Skinless – Only The Ruthless Remain

Nearly a decade after releasing their last full length, Skinless are back with seven tracks of death metal that don’t suck. After such a long delay between releases,  a

8 years ago

Nearly a decade after releasing their last full length, Skinless are back with seven tracks of death metal that don’t suck. After such a long delay between releases,  a band could be forgiven for trying to emulate what is hot in the death metal world right now; not the case here. Skinless have neglected to shoe themselves in with the cool kids, instead relying on what made them so popular a decade ago. Only The Ruthless Remain is ruthless indeed, and has the band playing some ferocious, undeniably oppressive death metal. Where they lose their way a touch is in their reliance on certain crutches, musically speaking.

For many, this will be a first taste of the New York death peddlers; the rest will have been waiting patiently for this, hoping that it will exceed expectations. Released through Relapse, who Skinless have more than a little bit of history with, this new record will appease the fans of old far more than it will peak the interests of new listeners. Absent is the band’s unique sense of humor, with them favoring a far more direct death metal approach to song titles and actual content. There’s absolutely nothing wrong with straight up death and despair but at this stage in the game, it’s more than a touch overplayed. While Skinless haven’t laid down and spat out a tech death album to keep themselves relevant, they haven’t really put out a groundbreaking metal album either. Equal parts crushing rhythms and barbaric vocals, this album thunders along at a pace so pedestrian today, their age has started to show. If the desired intention for the listener is to go out and mosh until neck muscles stretch and tear then bravo, this has accomplished that ten fold. As far as breaking new ground or creating anything memorable past the third or fourth spin, not so much.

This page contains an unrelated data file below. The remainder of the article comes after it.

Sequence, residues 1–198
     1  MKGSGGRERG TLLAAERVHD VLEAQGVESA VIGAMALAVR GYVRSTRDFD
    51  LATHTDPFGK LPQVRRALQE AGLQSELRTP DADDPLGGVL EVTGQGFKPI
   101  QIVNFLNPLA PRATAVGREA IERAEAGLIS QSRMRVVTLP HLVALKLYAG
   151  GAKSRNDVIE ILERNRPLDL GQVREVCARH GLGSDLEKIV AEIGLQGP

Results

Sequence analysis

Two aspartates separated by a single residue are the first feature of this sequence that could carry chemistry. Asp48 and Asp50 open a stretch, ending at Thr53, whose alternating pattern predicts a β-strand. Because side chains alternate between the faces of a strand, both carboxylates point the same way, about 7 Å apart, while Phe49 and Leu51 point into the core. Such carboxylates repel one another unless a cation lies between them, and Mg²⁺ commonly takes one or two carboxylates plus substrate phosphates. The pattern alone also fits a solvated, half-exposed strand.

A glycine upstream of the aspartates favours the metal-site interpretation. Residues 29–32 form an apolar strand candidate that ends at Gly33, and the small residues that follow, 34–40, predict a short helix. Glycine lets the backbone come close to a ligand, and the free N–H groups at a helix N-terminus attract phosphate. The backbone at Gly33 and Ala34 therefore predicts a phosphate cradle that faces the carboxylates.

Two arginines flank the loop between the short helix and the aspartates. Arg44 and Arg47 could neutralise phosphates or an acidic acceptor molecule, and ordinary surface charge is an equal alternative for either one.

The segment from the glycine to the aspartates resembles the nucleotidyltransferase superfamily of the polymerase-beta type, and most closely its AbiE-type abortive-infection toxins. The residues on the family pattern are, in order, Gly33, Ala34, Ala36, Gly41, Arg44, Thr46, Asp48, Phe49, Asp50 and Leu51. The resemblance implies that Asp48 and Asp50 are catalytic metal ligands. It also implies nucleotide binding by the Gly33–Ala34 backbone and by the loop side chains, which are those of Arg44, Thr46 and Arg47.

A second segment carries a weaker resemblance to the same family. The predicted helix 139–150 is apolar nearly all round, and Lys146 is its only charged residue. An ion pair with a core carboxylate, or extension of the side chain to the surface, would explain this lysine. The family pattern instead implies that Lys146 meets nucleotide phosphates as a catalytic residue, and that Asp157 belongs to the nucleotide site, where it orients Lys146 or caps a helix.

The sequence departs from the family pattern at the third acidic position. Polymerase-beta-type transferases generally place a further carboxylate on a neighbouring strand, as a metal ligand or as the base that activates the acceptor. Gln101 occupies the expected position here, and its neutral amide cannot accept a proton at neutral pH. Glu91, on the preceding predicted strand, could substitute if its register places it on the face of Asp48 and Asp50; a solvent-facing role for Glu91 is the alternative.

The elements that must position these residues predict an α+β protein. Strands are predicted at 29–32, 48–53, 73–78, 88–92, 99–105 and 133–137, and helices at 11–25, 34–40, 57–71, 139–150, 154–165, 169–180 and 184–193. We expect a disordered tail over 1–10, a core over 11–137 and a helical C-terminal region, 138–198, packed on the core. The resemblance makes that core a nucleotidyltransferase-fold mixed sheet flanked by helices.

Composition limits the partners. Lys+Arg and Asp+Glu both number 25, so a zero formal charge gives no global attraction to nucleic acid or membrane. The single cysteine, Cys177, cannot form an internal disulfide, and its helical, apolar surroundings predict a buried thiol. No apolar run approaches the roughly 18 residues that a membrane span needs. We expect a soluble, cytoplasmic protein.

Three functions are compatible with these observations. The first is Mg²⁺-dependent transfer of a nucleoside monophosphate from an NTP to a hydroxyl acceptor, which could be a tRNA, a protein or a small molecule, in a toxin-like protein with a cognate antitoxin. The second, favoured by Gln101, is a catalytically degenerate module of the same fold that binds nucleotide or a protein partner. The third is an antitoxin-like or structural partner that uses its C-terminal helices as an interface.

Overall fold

This is music perfect for a live setting though. There’s a revolving door of thrashing riffs and double time drumbeats that keeps any of these tracks from settling down at all. The eponymous “Skinless” is the perfect example of what made the band so reputable. Full of breakneck riff transitions and a gargling bass prelude into a monolithic stomp section, it’s crystal clear that this should be played live to a room packed with people intending on hurting themselves. The clean riff that frames “Funeral Curse” is suitably ominous enough to merit a mention; it pops back up in the only track that deviates from flat out brutality, showing a side of the band that could do with far more visibility. The majority of this material is fast, heavy as hell but lacking in real substance. It’s not enough anymore to play fast riffs and blast beats with precision and aggression. That’s a given today, for more bands than a stick can be shaken at.

It’s unfair to say that Skinless have disappointed with their return to the world of brutal death metal, because they haven’t. Only The Ruthless Remain is just a bit of a letdown because it is entirely everything that was expected from the band. Trumpets and synthesizers would have been ridiculous, as would passages of operatic clean vocals, this just needed something more. Something intangible is missing from this record and that’s what will make it a letdown for some fans and a never was for new listeners.

Skinless’ Only The Ruthless Remain gets…



Matt MacLennan

Published 8 years ago